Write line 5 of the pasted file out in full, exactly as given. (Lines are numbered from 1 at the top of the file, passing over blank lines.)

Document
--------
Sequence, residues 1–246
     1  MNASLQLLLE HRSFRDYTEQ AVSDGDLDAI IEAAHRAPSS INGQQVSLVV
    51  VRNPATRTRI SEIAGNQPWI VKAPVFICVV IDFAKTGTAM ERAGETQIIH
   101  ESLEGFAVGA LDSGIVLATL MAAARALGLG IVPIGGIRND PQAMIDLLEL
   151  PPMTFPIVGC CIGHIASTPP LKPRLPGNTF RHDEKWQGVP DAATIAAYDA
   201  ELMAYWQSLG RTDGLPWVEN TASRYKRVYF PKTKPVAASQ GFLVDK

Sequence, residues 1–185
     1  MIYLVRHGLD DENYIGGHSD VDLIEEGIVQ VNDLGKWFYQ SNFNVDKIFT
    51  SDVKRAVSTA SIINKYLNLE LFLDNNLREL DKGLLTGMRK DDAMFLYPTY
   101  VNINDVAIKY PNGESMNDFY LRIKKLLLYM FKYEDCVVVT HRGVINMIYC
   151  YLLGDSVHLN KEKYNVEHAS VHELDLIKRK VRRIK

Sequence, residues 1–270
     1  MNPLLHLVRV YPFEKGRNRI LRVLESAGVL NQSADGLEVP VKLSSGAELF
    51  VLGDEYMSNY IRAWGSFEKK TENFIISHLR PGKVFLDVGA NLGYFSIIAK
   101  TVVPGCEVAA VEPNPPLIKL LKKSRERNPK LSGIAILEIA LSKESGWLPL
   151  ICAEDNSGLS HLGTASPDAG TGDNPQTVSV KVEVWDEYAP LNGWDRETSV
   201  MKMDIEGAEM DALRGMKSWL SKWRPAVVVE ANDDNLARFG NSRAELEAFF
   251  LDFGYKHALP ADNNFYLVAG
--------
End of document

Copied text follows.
   151  PPMTFPIVGC CIGHIASTPP LKPRLPGNTF RHDEKWQGVP DAATIAAYDA